When you think of Devils Tower you usually think of UFOs, due to the movie Close Encounters Of The Third Kind. Some of you might think of old Indian legends since the site is like a cathedral to them.

But Devils Tower and BATS?

The National Park Service (NPS) and Devils Tower Natural History Association are hosting a bat festival this Saturday, Sept. 25 at Devils Tower National Monument.

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YUP, there are a lot of bats in the area. This is a great chance to learn about the bats that inhabit the area around the tower and into the Black Hills.

Besides educational talks, you'll be able to use a device that allows people to hear bats. If you like you can even help build a bat house. Maybe learn how to make one at your own house.

This year the education part of the program will focus on what is called 'white-nose syndrome' - a deadly fungal disease of bats that was recently detected at Devils Tower.

According to biologists, there are 11 species of bats at Devils Tower. Some that might be affected by white-nose are the little brown bat and the northern long-eared bat, which is listed as a threatened species under the Endangered Species Act.

Dwarf epauletted fruit bat (Micropteropus pussilus) flying at night.

"It's not just those two species, although they are listed and it is concerning, we do want to make sure that we're paying attention to all of our species, and make sure that we know how each species is being affected. Because even though one might serve a certain niche, we want to make sure that we know how it's affecting every species that we have within the park," said biological science technician Monique Metza. (Wyoming Public Media).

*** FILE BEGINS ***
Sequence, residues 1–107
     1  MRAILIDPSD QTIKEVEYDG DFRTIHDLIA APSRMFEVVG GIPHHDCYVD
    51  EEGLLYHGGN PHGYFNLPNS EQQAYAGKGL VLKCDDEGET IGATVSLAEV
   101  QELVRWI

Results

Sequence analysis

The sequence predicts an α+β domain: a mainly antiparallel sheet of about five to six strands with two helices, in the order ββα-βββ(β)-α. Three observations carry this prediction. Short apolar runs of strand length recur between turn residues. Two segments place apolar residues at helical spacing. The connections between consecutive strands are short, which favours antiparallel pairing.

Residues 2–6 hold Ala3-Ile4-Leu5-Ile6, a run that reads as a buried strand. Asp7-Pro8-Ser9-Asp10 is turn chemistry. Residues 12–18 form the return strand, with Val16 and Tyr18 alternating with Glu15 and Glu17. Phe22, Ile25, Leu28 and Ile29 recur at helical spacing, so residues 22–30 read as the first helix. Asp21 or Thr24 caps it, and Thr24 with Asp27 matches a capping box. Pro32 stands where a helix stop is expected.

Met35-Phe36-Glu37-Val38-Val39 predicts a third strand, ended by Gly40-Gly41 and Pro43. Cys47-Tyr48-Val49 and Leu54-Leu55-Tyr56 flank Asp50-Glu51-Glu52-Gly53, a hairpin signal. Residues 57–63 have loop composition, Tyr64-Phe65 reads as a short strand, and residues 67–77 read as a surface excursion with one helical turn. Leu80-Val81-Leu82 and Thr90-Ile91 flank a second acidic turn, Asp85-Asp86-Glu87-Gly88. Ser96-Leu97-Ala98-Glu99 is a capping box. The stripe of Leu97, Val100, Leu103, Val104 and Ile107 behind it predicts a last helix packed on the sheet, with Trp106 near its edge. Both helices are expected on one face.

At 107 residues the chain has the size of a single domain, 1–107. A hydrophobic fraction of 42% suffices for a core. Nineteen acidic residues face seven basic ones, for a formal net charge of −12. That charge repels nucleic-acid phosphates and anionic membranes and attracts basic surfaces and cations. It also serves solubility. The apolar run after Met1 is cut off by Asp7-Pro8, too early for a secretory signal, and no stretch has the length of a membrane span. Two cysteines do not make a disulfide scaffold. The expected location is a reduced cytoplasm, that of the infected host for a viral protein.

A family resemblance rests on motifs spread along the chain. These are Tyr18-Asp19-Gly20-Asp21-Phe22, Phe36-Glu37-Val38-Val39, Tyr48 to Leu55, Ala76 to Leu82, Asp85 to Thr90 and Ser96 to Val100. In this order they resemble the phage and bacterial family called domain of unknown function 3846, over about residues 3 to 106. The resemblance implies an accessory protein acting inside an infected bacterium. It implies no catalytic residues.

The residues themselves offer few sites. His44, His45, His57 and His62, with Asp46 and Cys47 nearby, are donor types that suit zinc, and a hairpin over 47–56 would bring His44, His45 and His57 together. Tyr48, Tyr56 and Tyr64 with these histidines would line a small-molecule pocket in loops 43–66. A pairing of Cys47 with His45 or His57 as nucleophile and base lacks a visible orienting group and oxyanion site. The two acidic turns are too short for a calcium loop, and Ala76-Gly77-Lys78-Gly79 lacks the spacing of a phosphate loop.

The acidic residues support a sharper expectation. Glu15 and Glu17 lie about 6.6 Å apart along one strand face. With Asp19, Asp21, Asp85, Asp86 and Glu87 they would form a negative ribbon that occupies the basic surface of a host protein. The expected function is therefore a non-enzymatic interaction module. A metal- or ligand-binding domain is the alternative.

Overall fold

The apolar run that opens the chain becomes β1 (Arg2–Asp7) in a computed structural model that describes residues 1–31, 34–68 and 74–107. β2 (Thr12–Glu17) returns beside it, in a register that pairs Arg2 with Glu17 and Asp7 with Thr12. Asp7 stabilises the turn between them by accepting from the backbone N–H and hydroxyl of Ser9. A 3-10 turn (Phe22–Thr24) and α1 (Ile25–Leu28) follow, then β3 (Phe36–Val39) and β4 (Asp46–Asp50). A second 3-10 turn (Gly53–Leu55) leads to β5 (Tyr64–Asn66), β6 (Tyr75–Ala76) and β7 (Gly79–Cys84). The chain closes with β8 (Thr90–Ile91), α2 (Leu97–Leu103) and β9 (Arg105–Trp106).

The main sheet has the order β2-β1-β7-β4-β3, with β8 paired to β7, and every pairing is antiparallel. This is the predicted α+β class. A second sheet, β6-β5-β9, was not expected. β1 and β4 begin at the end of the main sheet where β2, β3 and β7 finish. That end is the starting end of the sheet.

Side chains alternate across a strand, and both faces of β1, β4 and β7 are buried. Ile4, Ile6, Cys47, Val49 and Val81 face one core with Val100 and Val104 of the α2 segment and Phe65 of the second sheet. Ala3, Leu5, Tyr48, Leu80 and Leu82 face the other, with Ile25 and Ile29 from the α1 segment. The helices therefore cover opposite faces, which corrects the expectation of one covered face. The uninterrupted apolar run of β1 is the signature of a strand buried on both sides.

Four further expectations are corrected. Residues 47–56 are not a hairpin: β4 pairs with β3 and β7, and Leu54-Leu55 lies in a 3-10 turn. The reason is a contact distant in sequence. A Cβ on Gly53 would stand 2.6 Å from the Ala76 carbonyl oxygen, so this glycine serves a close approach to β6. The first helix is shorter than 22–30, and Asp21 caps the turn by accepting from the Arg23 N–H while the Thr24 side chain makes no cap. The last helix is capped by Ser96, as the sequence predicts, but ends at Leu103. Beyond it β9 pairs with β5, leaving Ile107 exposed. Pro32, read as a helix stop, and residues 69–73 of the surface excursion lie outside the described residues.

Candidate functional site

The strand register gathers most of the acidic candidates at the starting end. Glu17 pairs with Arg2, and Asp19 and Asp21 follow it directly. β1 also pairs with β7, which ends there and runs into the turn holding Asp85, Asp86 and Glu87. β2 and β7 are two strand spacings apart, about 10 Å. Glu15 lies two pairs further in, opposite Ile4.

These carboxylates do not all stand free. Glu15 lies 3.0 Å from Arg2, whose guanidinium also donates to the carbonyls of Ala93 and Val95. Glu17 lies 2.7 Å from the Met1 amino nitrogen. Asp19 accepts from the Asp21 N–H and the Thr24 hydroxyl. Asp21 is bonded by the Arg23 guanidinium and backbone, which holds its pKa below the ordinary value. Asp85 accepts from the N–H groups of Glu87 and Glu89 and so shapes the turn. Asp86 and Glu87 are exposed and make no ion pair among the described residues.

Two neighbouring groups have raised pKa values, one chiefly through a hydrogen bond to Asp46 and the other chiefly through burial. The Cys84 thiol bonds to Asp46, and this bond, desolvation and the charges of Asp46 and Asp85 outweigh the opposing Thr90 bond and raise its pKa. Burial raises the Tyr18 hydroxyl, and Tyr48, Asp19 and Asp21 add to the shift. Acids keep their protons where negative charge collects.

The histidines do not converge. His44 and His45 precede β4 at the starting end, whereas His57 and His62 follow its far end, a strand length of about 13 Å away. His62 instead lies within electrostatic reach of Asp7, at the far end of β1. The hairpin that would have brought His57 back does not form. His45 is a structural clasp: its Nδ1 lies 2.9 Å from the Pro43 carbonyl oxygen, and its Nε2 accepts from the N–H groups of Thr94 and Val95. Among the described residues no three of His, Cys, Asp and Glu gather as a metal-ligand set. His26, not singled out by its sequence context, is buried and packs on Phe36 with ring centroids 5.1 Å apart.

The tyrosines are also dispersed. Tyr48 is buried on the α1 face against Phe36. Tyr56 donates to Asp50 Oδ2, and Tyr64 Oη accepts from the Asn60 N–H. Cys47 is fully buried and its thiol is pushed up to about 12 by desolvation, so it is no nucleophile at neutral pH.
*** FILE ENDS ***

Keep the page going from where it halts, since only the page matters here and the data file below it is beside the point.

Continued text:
Bats eat bugs and other things humans call "pests." While these pests are needed in the ecosystem the bats help keep their population under control.

Saturday is Public Lands Day and has been designated a fee-free day at Devil's Tower.

The event is from 5 to 8 p.m. in the Picnic Area. Organizers ask those planning to attend to bring a flashlight or headlamp, with a red lens if possible and to dress in layers for cold weather.

Now let's look at Devil's Tower as seen from a small plane.

During the day, when the weather is nice small planes love to buzz the tower.

There are rules. They have to stay a certain distance from the tower according to the aeronautical charts. There is a blue box around the tower on those charts and a notice advising pilots, for the welfare of the pilots, they should stay 3 nautical miles from the tower.

But there are exceptions, such as this fly-in photographed by Wyoming State Senator Ogden Driskill. His family owns the ranch around Devils Tower as well as the KOA campground. Mr. Driskill took these photos of bush planes coming in to rest and refuel after buzzing around the tower, but not too close.

A video from one of these planes is below. It will put you in the cockpit as the plane flies around the tower.


I was there a few years ago to see a fly-in just like this. Pilots landed in a field just outside of the KOA. These little planes don't need much runway. With those big tires, they can land on just about any surface.


Some of these planes are homemade kit builds. Just order from the factory and all of the parts arrive. Assembly required. Would you trust an airplane you built yourself?


The frames are light aluminum. The skins are usually fabric. They don't fly very fast. Actually, they are built to fly as slowly as possible.


These guys love formation flying. On the day that they were at the tower, they thrilled everyone by flying just below the top of the tower, as a group, as they circled it.


But why stop by just looking at these fun little planes. Pilots cannot fly too low over the tower for the same reasons they can't fly too low. But they can still and do still fly over, usually on their way to the Hulett airport, which is just up the road.

Here is a video shot from inside one of these airplanes as it circled the tower. You'll find the tower scene at about 12 minutes into the video.

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